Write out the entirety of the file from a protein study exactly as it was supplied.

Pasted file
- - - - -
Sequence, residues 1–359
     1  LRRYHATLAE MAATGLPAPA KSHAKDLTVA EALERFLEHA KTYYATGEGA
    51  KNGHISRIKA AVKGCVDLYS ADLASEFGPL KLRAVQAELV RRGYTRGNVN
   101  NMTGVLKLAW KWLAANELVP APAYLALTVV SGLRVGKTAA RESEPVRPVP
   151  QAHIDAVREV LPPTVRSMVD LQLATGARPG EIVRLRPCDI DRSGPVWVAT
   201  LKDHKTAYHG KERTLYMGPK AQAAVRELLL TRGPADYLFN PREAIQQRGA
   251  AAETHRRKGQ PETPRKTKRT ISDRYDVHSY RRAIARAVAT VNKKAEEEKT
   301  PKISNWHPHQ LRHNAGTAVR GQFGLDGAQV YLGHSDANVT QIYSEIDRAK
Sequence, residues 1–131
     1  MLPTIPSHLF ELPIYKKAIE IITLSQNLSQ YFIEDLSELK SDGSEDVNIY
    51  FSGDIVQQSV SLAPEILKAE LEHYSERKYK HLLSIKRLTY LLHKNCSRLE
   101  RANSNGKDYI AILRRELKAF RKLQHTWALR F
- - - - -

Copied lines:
Sequence, residues 1–359
     1  LRRYHATLAE MAATGLPAPA KSHAKDLTVA EALERFLEHA KTYYATGEGA
    51  KNGHISRIKA AVKGCVDLYS ADLASEFGPL KLRAVQAELV RRGYTRGNVN
   101  NMTGVLKLAW KWLAANELVP APAYLALTVV SGLRVGKTAA RESEPVRPVP
   151  QAHIDAVREV LPPTVRSMVD LQLATGARPG EIVRLRPCDI DRSGPVWVAT
   201  LKDHKTAYHG KERTLYMGPK AQAAVRELLL TRGPADYLFN PREAIQQRGA
   251  AAETHRRKGQ PETPRKTKRT ISDRYDVHSY RRAIARAVAT VNKKAEEEKT
   301  PKISNWHPHQ LRHNAGTAVR GQFGLDGAQV YLGHSDANVT QIYSEIDRAK
Sequence, residues 1–131
     1  MLPTIPSHLF ELPIYKKAIE IITLSQNLSQ YFIEDLSELK SDGSEDVNIY
    51  FSGDIVQQSV SLAPEILKAE LEHYSERKYK HLLSIKRLTY LLHKNCSRLE
   101  RANSNGKDYI AILRRELKAF RKLQHTWALR F